There is no denying that corporations also have to contend with the effects of climate change, increased global demand for resources, and social/political unrest on their manufacturing, supply chains, workforce, product distribution, consumer market, and other business operations. It will not be easy, or profitable, for corporations to continue business as usual without some understanding, acceptance, and incorporation of sustainability and/or social innovation goals. Nonetheless, these corporations are adapting and hell if they’re not going to make money while doing it.

This is why social enterprise is so brilliant! And why it is thriving and will continue to thrive. Social enterprise promotes a convergence of interests—financial interests and interests in humanity and the planet. So far, it’s a win-win situation.


Jonathan Ng, the Global Legal Director for Ashoka, recently sent me information about a webinar that Morrison & Foerster, Jones Day, and Adler & Colvin are putting on specifically for Ashoka staff, Ashoka Fellows, and Ashoka’s contacts and partners.  Jonathan said I could post information about the webinar on this blog.  You must preregister for the webinar here.

The speakers include:  Susan H. Mac Cormac (Partner, Morrison & Foerster) R. Todd Johnson (Partner, Jones Day); David Levitt (Principal, Adler & Colvin).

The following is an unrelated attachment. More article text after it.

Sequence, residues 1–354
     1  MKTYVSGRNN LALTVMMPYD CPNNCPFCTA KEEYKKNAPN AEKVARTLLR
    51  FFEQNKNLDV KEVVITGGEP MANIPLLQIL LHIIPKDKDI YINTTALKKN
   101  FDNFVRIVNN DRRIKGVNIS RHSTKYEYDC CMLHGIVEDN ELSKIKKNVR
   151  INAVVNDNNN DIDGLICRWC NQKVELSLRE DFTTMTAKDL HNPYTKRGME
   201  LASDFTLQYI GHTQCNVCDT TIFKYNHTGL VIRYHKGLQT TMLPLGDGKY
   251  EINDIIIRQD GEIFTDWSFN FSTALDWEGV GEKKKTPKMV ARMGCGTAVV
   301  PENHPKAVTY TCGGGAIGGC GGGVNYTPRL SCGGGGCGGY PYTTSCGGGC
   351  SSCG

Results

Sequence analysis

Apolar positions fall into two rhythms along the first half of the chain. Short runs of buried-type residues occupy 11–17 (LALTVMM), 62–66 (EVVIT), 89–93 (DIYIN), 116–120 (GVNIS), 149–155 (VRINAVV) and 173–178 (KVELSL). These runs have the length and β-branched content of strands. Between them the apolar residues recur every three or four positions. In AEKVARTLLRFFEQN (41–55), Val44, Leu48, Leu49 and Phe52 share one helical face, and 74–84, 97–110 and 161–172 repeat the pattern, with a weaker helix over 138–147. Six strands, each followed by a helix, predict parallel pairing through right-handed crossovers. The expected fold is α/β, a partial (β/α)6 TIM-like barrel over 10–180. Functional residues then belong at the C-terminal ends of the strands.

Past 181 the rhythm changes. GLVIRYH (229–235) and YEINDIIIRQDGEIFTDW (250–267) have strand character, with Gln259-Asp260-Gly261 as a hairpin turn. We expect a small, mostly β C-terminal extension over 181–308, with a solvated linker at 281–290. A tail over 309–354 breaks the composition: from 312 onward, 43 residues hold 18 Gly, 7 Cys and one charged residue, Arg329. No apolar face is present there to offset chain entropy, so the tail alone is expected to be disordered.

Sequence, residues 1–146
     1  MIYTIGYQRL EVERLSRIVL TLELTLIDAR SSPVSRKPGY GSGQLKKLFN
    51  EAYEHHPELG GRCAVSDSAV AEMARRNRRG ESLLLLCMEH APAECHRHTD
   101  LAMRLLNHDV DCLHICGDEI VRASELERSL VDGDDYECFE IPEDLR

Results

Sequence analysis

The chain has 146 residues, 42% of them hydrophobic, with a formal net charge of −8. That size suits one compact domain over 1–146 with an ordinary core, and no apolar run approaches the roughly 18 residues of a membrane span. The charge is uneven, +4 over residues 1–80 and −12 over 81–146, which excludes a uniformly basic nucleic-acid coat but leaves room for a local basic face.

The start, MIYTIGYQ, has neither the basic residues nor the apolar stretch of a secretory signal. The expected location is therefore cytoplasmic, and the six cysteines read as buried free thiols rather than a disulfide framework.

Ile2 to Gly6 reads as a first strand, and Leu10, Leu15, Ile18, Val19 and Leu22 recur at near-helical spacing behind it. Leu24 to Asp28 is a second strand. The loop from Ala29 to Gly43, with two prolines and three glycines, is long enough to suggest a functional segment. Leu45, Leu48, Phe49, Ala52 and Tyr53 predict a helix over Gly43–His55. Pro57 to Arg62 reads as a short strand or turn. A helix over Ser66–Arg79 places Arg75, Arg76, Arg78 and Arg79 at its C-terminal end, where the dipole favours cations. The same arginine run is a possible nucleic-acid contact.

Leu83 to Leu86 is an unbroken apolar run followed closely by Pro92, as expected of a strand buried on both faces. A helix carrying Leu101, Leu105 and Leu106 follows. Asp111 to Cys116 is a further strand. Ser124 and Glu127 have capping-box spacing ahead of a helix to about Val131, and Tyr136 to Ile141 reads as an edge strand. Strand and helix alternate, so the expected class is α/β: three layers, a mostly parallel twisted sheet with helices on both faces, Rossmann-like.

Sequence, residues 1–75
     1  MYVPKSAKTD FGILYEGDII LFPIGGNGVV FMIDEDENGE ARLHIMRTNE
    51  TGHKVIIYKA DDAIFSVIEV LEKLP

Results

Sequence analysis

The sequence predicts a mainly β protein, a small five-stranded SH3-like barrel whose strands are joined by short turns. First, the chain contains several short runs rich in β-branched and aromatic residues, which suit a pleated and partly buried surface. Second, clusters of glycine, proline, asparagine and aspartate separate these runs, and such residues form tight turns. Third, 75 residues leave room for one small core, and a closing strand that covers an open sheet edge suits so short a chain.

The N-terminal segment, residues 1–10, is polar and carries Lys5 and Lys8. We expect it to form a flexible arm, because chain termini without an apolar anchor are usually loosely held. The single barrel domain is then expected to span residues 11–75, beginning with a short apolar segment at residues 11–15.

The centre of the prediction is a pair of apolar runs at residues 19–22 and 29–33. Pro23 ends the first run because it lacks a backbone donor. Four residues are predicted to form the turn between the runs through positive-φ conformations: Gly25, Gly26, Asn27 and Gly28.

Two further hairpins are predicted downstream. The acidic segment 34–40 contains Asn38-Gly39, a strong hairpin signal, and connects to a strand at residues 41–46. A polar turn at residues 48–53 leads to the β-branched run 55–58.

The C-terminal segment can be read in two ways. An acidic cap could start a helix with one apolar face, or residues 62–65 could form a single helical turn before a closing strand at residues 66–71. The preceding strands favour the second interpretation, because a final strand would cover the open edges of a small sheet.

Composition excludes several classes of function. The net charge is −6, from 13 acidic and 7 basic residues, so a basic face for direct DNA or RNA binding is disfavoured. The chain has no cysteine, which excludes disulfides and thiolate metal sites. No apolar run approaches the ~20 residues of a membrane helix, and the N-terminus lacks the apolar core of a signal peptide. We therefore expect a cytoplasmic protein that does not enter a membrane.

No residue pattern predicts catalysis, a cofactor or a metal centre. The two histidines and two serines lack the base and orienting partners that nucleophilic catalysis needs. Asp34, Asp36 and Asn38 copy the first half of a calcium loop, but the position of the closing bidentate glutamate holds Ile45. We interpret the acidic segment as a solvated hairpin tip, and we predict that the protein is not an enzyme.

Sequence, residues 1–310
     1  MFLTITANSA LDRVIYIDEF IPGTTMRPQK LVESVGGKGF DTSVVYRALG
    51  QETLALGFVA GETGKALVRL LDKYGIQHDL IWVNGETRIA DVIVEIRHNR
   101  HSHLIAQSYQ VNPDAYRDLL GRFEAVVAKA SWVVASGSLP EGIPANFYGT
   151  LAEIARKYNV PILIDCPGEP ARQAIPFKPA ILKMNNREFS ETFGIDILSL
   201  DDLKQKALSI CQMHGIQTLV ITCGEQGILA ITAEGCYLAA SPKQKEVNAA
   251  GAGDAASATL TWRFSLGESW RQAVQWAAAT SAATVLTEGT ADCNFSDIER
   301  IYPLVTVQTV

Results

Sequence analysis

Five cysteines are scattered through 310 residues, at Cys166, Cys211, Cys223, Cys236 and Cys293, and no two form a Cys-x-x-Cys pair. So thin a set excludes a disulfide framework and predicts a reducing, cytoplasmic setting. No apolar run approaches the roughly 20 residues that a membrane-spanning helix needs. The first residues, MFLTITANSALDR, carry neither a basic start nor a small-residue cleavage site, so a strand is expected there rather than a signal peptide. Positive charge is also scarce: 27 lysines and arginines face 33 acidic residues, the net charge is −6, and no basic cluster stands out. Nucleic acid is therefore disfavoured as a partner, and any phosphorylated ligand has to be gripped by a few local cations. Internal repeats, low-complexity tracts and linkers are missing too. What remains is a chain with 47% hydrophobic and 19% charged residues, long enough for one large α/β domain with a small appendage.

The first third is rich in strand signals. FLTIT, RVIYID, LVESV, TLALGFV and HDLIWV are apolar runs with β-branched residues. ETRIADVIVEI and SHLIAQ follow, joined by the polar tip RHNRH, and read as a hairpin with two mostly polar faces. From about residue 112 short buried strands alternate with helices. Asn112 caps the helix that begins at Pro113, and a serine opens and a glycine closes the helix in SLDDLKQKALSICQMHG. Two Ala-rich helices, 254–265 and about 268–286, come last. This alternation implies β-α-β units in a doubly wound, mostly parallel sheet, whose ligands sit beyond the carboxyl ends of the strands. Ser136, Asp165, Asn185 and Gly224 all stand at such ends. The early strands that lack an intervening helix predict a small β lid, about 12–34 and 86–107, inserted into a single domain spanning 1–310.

The webinar is described as “a workshop on legal ‘hybrid’ structures – where social, environmental, and economic missions are embedded in one or more legal forms. . . . [The presenters will] provide detail on important corporate, governance, and tax issues – as well as operational challenges – and discuss how the various models may or may not be effective in maximizing social and environmental goals through company operations.”


Professor Cass Brewer (Georgia State Law) recently posted a draft of his article, Seven Ways to Strengthen and Improve the L3C.  His article was prepared for Regent University School of Law’s Symposium on Emerging Issues in Social Enterprise.

While Professor Brewer recognizes that the L3C is flawed in its current form, he does not stop there.  Professor Brewer should be commended for exploring and proposing creative, potential solutions.